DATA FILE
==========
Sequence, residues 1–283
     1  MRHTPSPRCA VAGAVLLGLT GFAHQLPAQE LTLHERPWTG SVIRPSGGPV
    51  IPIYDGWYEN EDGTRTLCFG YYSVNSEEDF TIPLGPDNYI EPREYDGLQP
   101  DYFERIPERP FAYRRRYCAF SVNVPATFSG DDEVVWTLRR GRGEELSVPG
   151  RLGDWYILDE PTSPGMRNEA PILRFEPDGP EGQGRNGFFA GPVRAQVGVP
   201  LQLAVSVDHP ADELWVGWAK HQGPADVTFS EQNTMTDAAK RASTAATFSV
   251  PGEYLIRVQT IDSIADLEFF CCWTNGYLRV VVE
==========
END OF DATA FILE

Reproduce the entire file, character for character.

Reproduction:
Sequence, residues 1–283
     1  MRHTPSPRCA VAGAVLLGLT GFAHQLPAQE LTLHERPWTG SVIRPSGGPV
    51  IPIYDGWYEN EDGTRTLCFG YYSVNSEEDF TIPLGPDNYI EPREYDGLQP
   101  DYFERIPERP FAYRRRYCAF SVNVPATFSG DDEVVWTLRR GRGEELSVPG
   151  RLGDWYILDE PTSPGMRNEA PILRFEPDGP EGQGRNGFFA GPVRAQVGVP
   201  LQLAVSVDHP ADELWVGWAK HQGPADVTFS EQNTMTDAAK RASTAATFSV
   251  PGEYLIRVQT IDSIADLEFF CCWTNGYLRV VVE